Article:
Texas Senate Approves Voter Suppression Bill That was Negotiated Behind Closed Doors and Pushed 'Earlier Than Usual'

A sidewalk is shown with “Vote” written in tape outside a polling location on election day in Austin, Texas on November 3, 2020
A sidewalk is shown with “Vote” written in tape outside a polling location on election day in Austin, Texas on November 3, 2020
Photo: Sergio Flores (Getty Images)

Republicans really are the worst.

GOP lawmakers get to be delusional and proceed with legislation that assumes their delusions are real. For example, they propose and sign bills that ban Critical Race Theory from being taught in schools even though they don’t actually know what CRT is, nor do they ever seem to present much (or any) evidence that there’s even a real push to have it taught in K-12 schools. They push voter suppression laws that they claim are meant to combat widespread voter fraud that doesn’t exist. Conservatives purport themselves to be the party of “facts, not feelings,” but they keep proving themselves to be the exact opposite. (They would say the same about leftists who push what they say is propaganda regarding systemic racism, but we have data to back up those claims, they do not.)

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Over the weekend, Senate Republican in Texas—the same Texas that, in the same weekend, passed an anti-CRT white fragility bill—approved a sweeping voting bill that was negotiated behind closed doors, and one that, among other things, limits voting options and narrows the window for early voting.

From Texas Tribune:

Senate Bill 7, the GOP’s priority voting bill, emerged Saturday from a conference committee as an expansive bill that would touch nearly the entire voting process, including provisions to limit early voting hours, curtail local voting options and further tighten voting-by-mail, among several other provisions. It was negotiated behind closed doors over the last week after the House and Senate passed significantly different versions of the legislation and pulled from each chamber’s version of the bill. The bill also came back with a series of additional voting rule changes, including a new ID requirement for mail-in ballots, that weren’t part of previous debates on the bill.

But instead of giving senators the 24 hours required under the chamber’s rules to go over the committee’s report, including those new additions, state Sen. Bryan Hughes, R-Mineola, moved to ignore that mandate so the Senate could debate and eventually vote on the final version of the bill just hours after it was filed.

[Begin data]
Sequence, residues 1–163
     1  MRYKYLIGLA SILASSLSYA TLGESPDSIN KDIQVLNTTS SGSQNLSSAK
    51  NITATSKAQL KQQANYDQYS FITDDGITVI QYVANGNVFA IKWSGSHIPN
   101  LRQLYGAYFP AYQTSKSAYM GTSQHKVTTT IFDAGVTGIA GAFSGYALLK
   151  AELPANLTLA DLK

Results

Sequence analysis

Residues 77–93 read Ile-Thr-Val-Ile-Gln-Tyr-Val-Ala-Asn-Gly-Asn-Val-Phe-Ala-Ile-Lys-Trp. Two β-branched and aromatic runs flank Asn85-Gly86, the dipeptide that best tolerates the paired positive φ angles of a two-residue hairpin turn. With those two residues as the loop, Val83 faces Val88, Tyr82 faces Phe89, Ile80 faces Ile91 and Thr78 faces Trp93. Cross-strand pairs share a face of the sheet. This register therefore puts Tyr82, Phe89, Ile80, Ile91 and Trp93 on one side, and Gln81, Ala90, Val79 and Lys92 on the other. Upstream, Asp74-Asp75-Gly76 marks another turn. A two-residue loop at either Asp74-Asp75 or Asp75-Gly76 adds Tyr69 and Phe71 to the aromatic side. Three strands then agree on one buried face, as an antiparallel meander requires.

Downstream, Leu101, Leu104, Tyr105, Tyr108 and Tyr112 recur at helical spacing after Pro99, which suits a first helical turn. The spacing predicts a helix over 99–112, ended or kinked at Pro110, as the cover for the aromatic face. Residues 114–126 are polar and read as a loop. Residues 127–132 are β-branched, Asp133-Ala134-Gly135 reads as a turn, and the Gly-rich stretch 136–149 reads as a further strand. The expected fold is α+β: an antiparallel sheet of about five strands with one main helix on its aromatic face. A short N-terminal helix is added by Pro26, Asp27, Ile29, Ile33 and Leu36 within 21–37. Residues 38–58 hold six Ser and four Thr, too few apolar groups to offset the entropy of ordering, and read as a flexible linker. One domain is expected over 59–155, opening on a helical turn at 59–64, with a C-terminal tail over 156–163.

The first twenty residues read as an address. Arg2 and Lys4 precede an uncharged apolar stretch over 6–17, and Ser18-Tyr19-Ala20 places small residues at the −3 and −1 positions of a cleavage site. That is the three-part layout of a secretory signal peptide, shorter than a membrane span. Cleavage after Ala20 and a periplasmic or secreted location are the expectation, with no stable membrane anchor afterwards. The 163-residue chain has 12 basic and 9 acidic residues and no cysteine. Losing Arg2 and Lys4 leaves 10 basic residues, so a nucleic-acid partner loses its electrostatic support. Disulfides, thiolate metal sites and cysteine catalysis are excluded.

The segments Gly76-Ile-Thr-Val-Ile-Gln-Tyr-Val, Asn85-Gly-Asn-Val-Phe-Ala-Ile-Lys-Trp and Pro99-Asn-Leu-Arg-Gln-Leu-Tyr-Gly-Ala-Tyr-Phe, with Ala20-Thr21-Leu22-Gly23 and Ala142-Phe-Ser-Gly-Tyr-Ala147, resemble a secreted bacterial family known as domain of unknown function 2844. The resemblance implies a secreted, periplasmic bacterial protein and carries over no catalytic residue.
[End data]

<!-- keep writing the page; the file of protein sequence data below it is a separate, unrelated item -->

Around 6 p.m. Saturday, Hughes acknowledged the Senate would consider the report “earlier than usual” but tried to argue he was giving senators “more time” by alerting them about his plan to debate the final version of SB 7 at 10 p.m.

Throughout the debate, Hughes argued SB 7 was striving for “common sense” solutions that secured elections from wrongdoing and fraud.

“We want elections to be secure and accessible,” he said.

Imagine working this hard and this deviously just to pass legislation that solves a nonexistent problem.

Obviously, Senate Democrats weren’t buying Hughes’ bullshit excuse for pushing the legislation early. They complained that they had not been given enough time to review the 180-page conference committee report, which includes the 67-page bill to keep pesky minorities from voting Democrat—because we’re going to be real about what this bill is really meant to do—and around 12 pages that contained additions to the bill that hadn’t previously been considered and were tacked on by the committee behind closed doors.

“I couldn’t in good faith vote to pass a bill the size of this one, that will affect the voting rights of every single Texan of voting age, when they’ve been deprived of the opportunity to voice their opinions on the final package of this bill,” state Sen. Beverly Powell (D-Burleson) said, the Tribune reports.

I guess I shouldn’t call this a “feelings over facts” thing because that implies Republicans don’t know exactly what they’re doing. They understand well that they lose when elections are fair and that their chances of victory increase when fewer people vote. That’s what bills like these are about—nothing more and nothing less.

Zack Linly is a poet, performer, freelance writer, blogger and grown man lover of cartoons

DISCUSSION

volante3192
Volante3192

HR1 could solve this...